After only moving to Hertfordshire from Surrey last summer, Stuart Cossey started his second autumn in Herts with a stunner. Read his account of his excellent find below.

Stuart Cossey:

"Tuesday 18th September 2018

After a long day report writing in the office I decided to go for a short relaxing walk on the way home. I expected some migrants and was still missing Whinchat from my year list. I parked at the Fox and Duck Pub and made my way down the footpath between the houses.

As soon as entering the fields I was hearing the cries of Rooks as an unwelcome Red Kite was seen off. The ploughed fields south of the ridge were full of Rooks and Lesser Black-backed Gulls, but nothing else of interest. Reaching the crossroads with the Icknield Way I headed east along the ridge and was slightly disappointed with only a dozen Meadow Pipit calling overhead and the expected groups of Red-legged Partridge.

Not much else was about until something caught my eye; flying low at the bottom of the hill and then out of sight was a large bird of prey. I immediately thought harrier but this was red underneath. My heart started pounding and I jogged further along the footpath to get a better view.

Fortunately I rewarded with amazing views as it cruised past only 100m away. I knew what this was but also knew no one would believe me! The obvious full brown head and collar and lack of black wing tips were dead on for, what I didn’t know at the time, Hertfordshire’s first Pallid Harrier. After sending out the news, I watched for a further five minutes before it disappeared back into its favoured fields and out of view. Still shaking at self-finding my newest lifer, I returned home and saw that my tweet hadn’t gone unnoticed – 10 people had tried and unfortunately failed to see it that evening. I knew as the questions came in that I would need proof and set my alarm for 5.30am.

Wednesday 19th September 2018

With my camera with me this time I took the same route across the fields as the day before. Grey Partridge were singing in the half light and Meadow Pipit and Swallow passing overhead. I started to despair as I saw Red Kites leaving their roosts and not another birder was in sight. I was joined by Barry Reed at 6.30 and not long afterwards the Pallid Harrier was seen briefly over the fields to the north of the ridge and then chasing off a Hobby. I immediately took dozens of photos, as did Barry, they were all awful but fortunately were enough to confirm ID and get the news out. I was so relieved that it stuck around and I hadn’t misidentified a Montagu’s! It was at this point Barry told me that the Herts Bird page had just been updated to include Pallid Harrier.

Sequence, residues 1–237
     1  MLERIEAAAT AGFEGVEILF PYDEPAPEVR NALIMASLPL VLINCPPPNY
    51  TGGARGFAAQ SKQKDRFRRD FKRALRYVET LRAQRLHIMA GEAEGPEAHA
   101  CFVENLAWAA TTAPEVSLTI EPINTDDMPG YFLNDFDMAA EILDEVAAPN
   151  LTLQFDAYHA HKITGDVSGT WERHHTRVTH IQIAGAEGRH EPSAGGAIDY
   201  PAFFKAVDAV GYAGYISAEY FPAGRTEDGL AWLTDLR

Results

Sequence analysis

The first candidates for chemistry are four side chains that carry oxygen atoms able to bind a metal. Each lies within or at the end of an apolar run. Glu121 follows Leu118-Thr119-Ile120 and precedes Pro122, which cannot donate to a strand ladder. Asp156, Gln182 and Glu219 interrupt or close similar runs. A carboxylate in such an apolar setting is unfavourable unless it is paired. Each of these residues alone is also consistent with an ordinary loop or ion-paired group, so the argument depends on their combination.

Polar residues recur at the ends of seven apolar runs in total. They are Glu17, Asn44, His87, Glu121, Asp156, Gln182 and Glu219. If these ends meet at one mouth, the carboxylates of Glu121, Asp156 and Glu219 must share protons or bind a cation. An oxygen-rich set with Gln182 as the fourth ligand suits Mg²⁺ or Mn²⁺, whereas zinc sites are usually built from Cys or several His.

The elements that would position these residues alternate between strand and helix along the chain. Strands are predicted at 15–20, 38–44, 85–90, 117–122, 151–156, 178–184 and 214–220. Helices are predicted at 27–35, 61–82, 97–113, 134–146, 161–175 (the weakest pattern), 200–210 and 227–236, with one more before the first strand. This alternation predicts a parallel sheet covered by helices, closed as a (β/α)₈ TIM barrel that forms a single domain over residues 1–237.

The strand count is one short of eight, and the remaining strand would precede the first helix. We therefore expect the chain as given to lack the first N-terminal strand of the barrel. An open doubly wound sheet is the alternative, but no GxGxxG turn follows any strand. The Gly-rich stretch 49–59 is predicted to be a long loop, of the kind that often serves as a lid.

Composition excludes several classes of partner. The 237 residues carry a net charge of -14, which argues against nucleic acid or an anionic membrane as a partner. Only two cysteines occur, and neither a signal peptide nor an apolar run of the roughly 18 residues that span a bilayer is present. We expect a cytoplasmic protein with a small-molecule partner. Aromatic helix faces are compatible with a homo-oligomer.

At 7.30am we were treated to a fly by which ended with the Harrier catching an unfortunate Grey Partridge. It proceeded to the edge of the field 500m away and was still there as I left to go to work at 8.30am. Other birders were soon to arrive and the Pallid Harrier was seen until 10.30 that morning. I still haven’t got Whinchat on my year list…

The bird was seen every day that week in the same fields. At one point it was seen being chased by a Merlin and on Saturday 22nd was photographed sitting on a bird feeder further north along the Icknield Way."

 

As of 25 September the bird is still being seen daily, covering the area along the Icknield Way between Therfield in the south and Grey's farm at the south end of Therfield Heath further north, allowing at times for some excellent views and equally excellent photographs. Along with the star attraction other species recorded in the area while waiting for or watching the Pallid Harrier include Grey Partridge, Merlin, Marsh Harrier, Barn Owl and Short-eared Owl. 

Following on from Barry Reed's Parrot Crossbills at Broxbourne Woods last December and Steve Blake's Tyttenhanger Penduline Tit this April, this is the third species to be added to the Herts list within the last nine months. As Chris Beach pointed out on twitter there seems to be a bit of a "P" theme developing. Question is, what will the next "P" be....!?

Cover photo © Ian Williams